|Country of origin:||USA|
American Bulldog Registry
|Size:||20 to 26 in tall; 60 to
|Longevity:||12 to 14 years
|Training:||Easy; hard to focus
The American Bulldog is a breed of working dog. The names associated with the Bully and Standard types are those of the breeders who were influential in developing them, John D. Johnson (Bully) and Alan Scott (Standard)
Alaskan Malamutes were speculated to be assistants of Paleolithic hunters in the crossing of the Bering strait. Their name is derived from Mahlemuts, a prehistoric tribe of Inuits in Alaska.
These fluffy sled dogs are related to the early domesticated wolf-like dogs.
Alaskan Malamutes became recognized by the AKC in 1935. The breed dated back much further than that making them one of the oldest Arctic sled dogs. There is mention of this breed as far back as the 1800s when they were held highly by prospectors of the Klondike gold rush. They were also designated to search and rescue teams.
Malamutes in today’s world have evolved to being icons in frosty regions. They were even named the state dog in Alaska in 2010. Aside from the working title they hold, they have become great companions in families.
Also known as the “Mal”, these fluffy pups are known for their working class and strength. These dogs are not all work and no play though. They are often very playful and loving to their owners. They love children and are most natural at being members of a family.
Despite being great with their loved ones, they can be wary of unknown people. With that said, they are not in fact guard dogs. They love people so much that they often resort to slobbery kisses and paw shakes once first impressions are over.
Alaskan Malamutes are generally quiet dogs by nature. They do not resort to barking much. They may talk and howl if they’re lonely though.
The Mal is a large dog built to withstand frigid elements while working. These dogs stand proud at a height of 23 inches tall for females and 25 inches tall for males. Females average at about 75 lbs and males average around 85 lbs.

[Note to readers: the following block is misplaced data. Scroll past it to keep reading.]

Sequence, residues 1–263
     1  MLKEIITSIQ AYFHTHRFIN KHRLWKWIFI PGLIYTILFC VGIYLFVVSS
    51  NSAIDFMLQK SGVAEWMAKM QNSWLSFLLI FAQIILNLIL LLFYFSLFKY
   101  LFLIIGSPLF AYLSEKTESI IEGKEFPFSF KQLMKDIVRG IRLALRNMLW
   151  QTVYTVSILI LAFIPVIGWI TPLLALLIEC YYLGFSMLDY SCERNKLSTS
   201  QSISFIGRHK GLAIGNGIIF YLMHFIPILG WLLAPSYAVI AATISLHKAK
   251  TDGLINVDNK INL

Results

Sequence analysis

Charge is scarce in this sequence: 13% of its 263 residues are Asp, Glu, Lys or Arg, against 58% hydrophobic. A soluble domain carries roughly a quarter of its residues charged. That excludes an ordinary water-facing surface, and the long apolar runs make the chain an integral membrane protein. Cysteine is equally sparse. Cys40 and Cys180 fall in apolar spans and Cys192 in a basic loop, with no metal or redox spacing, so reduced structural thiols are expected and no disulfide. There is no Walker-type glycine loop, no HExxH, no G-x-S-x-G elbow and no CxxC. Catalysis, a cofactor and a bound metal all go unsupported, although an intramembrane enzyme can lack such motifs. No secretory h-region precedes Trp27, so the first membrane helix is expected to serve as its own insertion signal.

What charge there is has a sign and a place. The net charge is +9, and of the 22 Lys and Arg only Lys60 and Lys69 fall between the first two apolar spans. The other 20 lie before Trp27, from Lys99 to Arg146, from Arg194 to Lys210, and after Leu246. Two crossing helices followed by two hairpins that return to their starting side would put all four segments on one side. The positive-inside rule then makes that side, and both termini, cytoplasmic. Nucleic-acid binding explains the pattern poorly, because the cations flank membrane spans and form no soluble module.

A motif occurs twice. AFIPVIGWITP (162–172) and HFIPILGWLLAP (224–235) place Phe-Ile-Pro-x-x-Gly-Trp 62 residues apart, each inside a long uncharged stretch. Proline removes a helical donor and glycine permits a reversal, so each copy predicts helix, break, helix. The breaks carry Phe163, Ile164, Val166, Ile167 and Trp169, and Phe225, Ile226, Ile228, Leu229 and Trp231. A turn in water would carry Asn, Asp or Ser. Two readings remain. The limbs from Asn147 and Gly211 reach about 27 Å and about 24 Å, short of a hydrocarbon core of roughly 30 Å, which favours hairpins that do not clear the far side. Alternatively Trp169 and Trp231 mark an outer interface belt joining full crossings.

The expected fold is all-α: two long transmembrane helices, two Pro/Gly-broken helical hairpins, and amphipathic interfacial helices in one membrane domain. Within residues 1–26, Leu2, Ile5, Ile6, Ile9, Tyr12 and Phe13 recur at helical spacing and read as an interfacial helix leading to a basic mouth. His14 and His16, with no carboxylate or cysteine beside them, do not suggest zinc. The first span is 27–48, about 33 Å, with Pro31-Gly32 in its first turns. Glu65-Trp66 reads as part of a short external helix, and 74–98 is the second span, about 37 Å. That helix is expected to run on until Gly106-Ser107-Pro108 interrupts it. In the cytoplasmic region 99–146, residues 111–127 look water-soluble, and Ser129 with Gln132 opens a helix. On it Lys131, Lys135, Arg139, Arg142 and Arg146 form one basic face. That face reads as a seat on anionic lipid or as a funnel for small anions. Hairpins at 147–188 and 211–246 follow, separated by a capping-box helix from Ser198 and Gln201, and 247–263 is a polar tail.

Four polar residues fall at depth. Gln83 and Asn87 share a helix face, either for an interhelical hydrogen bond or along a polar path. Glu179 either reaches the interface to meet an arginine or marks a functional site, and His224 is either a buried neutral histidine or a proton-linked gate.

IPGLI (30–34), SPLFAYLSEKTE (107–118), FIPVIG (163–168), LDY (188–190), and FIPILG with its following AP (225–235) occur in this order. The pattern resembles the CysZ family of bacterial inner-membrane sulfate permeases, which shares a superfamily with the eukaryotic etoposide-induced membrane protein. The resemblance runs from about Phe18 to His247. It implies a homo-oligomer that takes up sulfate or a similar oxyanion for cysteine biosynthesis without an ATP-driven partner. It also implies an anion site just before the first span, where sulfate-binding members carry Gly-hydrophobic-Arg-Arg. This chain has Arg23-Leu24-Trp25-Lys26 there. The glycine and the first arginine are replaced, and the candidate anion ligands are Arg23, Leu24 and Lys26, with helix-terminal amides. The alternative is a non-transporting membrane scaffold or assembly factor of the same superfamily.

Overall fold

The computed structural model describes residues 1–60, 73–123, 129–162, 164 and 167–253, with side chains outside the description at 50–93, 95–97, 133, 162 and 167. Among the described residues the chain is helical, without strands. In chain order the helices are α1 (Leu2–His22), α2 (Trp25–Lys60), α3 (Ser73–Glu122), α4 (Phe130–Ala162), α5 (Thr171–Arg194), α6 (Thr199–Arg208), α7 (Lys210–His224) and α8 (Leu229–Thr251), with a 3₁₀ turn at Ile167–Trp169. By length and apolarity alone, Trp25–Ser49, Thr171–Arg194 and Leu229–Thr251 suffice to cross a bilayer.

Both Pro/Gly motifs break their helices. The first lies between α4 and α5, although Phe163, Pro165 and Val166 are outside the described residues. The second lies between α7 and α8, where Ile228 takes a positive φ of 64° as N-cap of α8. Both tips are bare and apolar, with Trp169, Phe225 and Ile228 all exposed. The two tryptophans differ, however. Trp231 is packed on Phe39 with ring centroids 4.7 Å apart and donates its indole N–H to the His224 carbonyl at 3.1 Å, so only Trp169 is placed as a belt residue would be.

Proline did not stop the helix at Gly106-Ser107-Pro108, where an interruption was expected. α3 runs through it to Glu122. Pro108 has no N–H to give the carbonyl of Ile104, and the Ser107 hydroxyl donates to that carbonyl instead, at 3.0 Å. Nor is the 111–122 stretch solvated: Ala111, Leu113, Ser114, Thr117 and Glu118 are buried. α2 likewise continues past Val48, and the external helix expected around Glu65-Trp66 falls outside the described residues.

Their 2-inch thick coat and muscular structure aid when dog sledding or freight pulling. They sport a coarse, waterproof topcoat and a wooly undercoat for protection. To also mention, their tails curve over their back in a bushy wave.
Their facial features are very distinctive and have markings unique to their breed. These facial features usually include a cap, a bar, or a mask. Sometimes they even come with a combination of the three attributes just mentioned.
They can come in various colors such as light gray gradients and red gradients. Gray and white, red and white, and sable and white are among the most popular color combination.
With such a high energy, regular exercise is a must. Considering that their ancestors were predecessors being hard working dogs, it runs in their blood. They must get out of the house and expend their energy.
Training an Alaskan Malamute can be a feat but very necessary in the health of the animal. Luckily they are quick learners. Adequate fencing is obligatory as these dogs are very large. Crate training and leash breaking are crucial from the start as these dogs can be destructive if left alone. Their tendency to chew is not ideal for furniture if they get lonely.
It is important to socialize these dogs with other dogs and humans starting when they’re a puppy. They have a tendency to be aggressive toward other dogs and dogs of the same sex. Controlled socialization can avoid these behavioral issues.
Grooming of Alaskan Malamutes are more on the high-maintenance side. Regular brushing and bathing is recommended to avoid matting. Fungus can be found hiding in matted hair that could later lead to infection. Nails and ears also need to be tended to weekly.
Their thick coats can be expected to shed heavily two times a year. Daily brushing with a pin brush helps to lessen the load on you and your vacuum cleaner.